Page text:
IMPORTANT: To protect your safety in response to the threats of COVID-19 we are offering our clients the ability to have full phone consultations and video conferencing. Please contact our office to discuss options. Additionally we are now offering reduced prices on Chapter 7 Bankruptcy. Individual Chapter 7 Attorney Fee: $750 + Costs* (typical costs are $475) and Couples Chapter 7 Attorney Fee: $750 + Costs** (typical costs are $515).

Striving For Solutions As Diverse And Unique As Our Clients

What is theft of court funds?

| Jul 28, 2020 | criminal defense |

All across the country, government officials often find themselves accused of stealing money intended for other purposes and using them for personal expenses. Believe it or not, even judges often face these accusations. When accused of stealing court funds, it means the state or federal government believes the person misappropriated funds.

A more accurate term for you to look into when it comes to stealing court funds is “embezzlement.” According to Cornell Law School, this occurs when someone entrusted with personal property from an organization either keeps it for themselves or transfers it to a third party. It also acknowledges that in most cases, this refers to the misappropriation of funds.

Methods accusers allege

When judges and other court workers face accusations of embezzlement, there are some specific methods prosecutors you might see them allege. One of the most common is acquiring money over time by taking several small withdrawals, known as skimming off the top. This method is generally harder to prove. In other cases, the state might accuse court workers of taking large withdrawals or simply spending it.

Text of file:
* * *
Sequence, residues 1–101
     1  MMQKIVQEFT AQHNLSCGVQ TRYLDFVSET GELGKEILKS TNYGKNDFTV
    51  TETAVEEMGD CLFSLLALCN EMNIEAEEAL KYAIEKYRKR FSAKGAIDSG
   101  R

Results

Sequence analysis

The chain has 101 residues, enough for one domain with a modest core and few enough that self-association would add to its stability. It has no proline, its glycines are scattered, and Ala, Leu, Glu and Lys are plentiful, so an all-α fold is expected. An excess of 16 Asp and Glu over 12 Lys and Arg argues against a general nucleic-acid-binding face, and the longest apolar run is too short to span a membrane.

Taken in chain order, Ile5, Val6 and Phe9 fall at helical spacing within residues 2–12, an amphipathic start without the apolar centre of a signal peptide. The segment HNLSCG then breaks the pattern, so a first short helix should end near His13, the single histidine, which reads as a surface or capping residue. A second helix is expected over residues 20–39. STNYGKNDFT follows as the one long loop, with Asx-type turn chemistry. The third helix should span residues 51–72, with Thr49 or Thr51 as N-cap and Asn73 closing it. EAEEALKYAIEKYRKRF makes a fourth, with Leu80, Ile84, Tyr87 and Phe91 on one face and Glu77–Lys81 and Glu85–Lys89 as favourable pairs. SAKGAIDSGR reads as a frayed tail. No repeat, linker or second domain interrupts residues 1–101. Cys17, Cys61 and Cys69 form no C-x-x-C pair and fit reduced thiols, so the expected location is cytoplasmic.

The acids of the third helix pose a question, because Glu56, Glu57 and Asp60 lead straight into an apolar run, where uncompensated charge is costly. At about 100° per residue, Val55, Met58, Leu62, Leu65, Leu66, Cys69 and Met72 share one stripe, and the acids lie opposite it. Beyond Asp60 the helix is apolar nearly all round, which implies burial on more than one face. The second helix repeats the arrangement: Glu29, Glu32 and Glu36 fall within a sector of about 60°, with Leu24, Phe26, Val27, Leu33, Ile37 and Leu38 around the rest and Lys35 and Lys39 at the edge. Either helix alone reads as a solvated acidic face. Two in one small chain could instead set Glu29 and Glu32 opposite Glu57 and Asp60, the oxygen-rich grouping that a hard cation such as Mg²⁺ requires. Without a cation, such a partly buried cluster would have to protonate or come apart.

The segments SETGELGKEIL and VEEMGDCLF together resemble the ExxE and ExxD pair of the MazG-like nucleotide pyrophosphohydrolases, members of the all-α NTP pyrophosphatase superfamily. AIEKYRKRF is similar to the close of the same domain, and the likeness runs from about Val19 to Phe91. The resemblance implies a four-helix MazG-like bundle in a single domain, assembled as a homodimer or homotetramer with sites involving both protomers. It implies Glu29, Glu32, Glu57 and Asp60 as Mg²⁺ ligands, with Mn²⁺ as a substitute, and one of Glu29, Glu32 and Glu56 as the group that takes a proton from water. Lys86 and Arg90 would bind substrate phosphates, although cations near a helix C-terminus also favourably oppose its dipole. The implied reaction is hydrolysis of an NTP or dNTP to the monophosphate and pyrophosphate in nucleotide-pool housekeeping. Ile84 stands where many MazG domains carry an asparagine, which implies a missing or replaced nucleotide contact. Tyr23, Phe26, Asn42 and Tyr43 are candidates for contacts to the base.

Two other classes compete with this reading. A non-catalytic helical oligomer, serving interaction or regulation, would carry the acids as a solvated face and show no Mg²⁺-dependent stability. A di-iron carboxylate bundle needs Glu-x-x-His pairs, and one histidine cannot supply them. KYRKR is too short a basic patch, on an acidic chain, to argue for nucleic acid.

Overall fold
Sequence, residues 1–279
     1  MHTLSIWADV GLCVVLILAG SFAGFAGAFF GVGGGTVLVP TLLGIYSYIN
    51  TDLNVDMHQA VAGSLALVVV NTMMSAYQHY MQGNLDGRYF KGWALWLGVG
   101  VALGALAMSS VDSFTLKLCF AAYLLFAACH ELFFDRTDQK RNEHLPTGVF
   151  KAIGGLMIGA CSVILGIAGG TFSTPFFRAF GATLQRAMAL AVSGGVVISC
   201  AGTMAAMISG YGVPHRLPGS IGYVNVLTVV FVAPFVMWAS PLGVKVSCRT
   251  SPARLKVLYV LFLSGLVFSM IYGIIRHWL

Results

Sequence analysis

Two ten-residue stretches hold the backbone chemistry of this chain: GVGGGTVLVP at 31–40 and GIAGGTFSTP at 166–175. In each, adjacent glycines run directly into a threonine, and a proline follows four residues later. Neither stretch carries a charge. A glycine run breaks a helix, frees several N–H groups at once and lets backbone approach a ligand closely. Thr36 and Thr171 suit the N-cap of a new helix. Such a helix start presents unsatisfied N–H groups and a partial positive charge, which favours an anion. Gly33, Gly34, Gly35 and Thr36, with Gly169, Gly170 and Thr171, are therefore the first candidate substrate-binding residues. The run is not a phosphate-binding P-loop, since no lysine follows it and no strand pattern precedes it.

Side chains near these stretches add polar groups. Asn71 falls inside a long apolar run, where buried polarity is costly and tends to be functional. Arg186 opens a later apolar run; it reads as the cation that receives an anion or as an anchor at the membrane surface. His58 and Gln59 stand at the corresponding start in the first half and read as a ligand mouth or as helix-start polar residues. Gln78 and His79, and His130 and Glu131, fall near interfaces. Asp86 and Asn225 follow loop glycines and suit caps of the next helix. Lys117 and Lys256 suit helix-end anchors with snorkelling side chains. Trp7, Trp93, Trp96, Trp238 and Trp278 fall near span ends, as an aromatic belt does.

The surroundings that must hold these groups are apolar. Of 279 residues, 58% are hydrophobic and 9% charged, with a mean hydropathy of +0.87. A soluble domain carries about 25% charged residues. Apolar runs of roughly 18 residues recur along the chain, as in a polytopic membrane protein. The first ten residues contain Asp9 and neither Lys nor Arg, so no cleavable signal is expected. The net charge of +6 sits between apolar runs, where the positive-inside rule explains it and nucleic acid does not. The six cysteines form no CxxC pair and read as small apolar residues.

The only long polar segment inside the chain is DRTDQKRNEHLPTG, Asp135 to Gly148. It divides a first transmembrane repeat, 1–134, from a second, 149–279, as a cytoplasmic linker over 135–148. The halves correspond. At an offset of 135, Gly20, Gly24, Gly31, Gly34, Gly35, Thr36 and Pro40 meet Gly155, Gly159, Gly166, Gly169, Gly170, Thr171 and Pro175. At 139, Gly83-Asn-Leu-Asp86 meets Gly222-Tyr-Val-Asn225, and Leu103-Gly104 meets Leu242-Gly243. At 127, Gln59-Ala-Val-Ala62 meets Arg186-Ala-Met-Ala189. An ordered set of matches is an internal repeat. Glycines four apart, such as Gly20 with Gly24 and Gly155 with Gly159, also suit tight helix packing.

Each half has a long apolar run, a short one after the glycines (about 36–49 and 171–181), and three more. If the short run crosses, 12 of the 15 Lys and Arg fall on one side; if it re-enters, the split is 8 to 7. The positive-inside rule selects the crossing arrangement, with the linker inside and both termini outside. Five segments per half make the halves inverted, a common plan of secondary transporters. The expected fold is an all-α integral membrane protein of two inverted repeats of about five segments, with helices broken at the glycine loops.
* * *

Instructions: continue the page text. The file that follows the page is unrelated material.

Reporting embezzled funds

One of the most intriguing aspects of how embezzlement works in U.S. court systems is that the IRS wants its cut. Cornell Law School reports that people convicted of embezzling funds need to report those funds as part of the income they bring in for the year and then pay taxes on this. If they fail to do so, the IRS might file charges for tax evasion.

Workers who handle funds or other personal property on behalf of the court should consider documenting all expenses and keeping impeccable records. This way, should accusations arise, it might become much easier to prove innocence.